To know Lloyd Dobler is to love him. Diane Court is about to get to know Loyd Dobler.
Lloyd Dobler, played by the inimitable John Cusack, is, in the eyes of many, the perfect boyfriend. In Cameron Crowe’s miraculous teen romance Say Anything…, Lloyd is depicted as a young man who is wholly devoted to the object of his affection. He thinks Diane (Ione Skye) is so great that he enthusiastically has to confer with Diane’s dad over the telephone before even talking to Diane. “She’s pretty great, isn’t she?” he asks.
Throughout the film, Lloyd asserts – through word and action – that he loves Diane. He is the one who has fallen hard, and he will be the one who will have to make gestures to win her over, to turn her heart. It’s Diane who seems standoffish. He will be the one to wait for her to come around. Almost every thought of his is devoted to constructing a real, workable relationship with Diane. He is also – and this is notable – incredibly cute. Cusack has the affable, accessible good looks of everyone’s high school crush. He’s self-effacing, shy, unguarded and able to handle himself in a party situation. He’s also naturally caring, and knows what to do in times of social crisis. When tackled by a drunk at a party, Lloyd grabs the man, wrestles him to the ground, yelling “You must chill!” But his aggression, too, is an affect.
Over the years, many audiences – mostly young women – have elevated Lloyd, and even Cusack himself, into that mythical realm of “perfect boyfriend.” To hear certain audiences describe Lloyd, one would think they were talking about any one of the bland flawless rescue studs from a Nicholas Sparks novel. Lloyd is the type of hopelessly perfect movie character whose reputation has, upon reflection, almost diminished how great he actually is. Lloyd Dobler is more than a flawless rescue stud. Lloyd Dobler is all of us.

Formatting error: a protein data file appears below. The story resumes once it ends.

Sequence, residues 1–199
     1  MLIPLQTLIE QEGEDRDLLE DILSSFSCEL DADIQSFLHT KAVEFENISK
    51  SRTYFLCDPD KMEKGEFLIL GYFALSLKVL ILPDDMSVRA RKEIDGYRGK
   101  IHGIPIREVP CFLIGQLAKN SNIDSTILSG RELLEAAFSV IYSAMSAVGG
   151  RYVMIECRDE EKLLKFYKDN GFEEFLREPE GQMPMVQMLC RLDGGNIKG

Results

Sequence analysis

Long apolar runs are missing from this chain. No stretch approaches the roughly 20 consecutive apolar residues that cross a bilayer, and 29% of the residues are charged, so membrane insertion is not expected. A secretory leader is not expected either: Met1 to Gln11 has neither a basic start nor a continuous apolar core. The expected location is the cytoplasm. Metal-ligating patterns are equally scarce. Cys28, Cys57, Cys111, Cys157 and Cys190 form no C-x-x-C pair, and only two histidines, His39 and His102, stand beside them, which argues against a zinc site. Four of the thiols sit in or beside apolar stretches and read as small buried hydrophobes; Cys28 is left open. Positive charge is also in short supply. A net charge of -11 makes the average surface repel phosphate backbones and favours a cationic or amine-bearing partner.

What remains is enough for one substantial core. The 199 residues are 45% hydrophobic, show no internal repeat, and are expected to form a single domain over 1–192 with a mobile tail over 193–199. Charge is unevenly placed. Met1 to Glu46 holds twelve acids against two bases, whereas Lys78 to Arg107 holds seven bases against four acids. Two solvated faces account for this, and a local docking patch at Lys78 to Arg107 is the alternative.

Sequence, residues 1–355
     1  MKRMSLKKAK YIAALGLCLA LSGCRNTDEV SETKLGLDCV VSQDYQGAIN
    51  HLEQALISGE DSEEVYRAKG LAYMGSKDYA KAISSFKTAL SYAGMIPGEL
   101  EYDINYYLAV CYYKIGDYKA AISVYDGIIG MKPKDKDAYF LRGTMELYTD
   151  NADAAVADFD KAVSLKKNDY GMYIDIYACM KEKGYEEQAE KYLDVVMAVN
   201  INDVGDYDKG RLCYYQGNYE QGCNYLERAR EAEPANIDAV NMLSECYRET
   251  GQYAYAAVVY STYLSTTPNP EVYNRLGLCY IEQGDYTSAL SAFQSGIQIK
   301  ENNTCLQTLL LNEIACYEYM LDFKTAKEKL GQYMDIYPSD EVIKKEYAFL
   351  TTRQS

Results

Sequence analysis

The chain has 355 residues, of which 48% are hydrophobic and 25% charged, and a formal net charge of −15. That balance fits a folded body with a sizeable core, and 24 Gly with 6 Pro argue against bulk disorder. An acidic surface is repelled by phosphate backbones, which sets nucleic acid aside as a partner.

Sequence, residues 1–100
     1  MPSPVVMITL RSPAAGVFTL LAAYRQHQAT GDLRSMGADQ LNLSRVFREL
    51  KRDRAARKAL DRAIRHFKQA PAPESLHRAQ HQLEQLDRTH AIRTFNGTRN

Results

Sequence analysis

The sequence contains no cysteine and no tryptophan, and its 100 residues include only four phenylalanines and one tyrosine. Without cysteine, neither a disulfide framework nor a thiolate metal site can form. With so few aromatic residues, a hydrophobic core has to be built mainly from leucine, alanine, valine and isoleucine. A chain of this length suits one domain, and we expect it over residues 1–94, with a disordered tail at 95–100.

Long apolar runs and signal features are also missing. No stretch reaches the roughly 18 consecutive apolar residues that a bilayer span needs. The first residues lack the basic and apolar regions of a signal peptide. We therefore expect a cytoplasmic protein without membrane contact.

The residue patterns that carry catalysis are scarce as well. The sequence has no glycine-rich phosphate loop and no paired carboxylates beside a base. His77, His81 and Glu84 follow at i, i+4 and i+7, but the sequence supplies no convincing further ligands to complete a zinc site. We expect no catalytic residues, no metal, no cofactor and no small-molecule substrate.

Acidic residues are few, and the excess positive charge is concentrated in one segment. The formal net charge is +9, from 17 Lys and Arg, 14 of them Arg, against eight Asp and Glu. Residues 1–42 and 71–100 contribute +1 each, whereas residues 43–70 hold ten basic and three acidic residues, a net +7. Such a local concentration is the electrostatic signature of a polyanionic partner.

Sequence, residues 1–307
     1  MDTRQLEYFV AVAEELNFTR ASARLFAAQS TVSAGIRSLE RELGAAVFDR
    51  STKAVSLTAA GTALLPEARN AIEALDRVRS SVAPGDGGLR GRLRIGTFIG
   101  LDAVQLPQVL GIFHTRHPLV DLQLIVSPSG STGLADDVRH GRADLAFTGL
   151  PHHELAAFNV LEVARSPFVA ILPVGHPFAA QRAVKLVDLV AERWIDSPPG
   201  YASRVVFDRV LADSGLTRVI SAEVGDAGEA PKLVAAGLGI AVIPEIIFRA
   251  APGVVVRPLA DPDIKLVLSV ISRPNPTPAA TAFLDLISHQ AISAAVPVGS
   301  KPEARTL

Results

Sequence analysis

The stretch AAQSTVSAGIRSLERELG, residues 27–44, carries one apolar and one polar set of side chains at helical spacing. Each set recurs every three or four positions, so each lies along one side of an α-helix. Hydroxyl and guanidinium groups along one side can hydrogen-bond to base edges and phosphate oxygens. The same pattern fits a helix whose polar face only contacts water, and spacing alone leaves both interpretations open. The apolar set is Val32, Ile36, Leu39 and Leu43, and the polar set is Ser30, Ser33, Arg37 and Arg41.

The most exhilarating thing about Lloyd is his emotional recklessness. The bulk of teen romances put out by the Hollywood machine – the ones made by John Hughes, notwithstanding – are often too willing to cater to a teen boy’s tendency to be emotionally guarded and romantically averse. Romances, the incorrect assumption seems to be, are only made for young girls. Boys, meanwhile, don’t feel love for anything but action and combat. I have personally seen far too many films about young women who pursue pretty young men, wherein the young men are essentially objects to be won. And while that caters to a specific romantic fantasy, it plays more like manipulation than romance.
The miracle of Say Anything… is that its young leads are whole. They are human. They are eager to love, but they don’t know how to do it quite yet. This is a movie that not only banks in emotional honesty, but i at its core about emotional honesty. This is a film about having big, complex, adult emotions for the first time – love, heartbreak, ambivalence – and struggling to develop the vocabulary to express them. At one point, Lloyd’s friends warm him that his emotional honesty, especially when it comes to courting Diane, will get him hurt. In one of the most refreshing moments in all of teen cinema, he openly throws caution to the winds. “I want to get hurt!” he says. Lloyd is eager to grow emotionally. That’s not a sentiment we get from on-screen teens. These aren’t idiot horndogs or wispy wilting flowers. These people are about openness.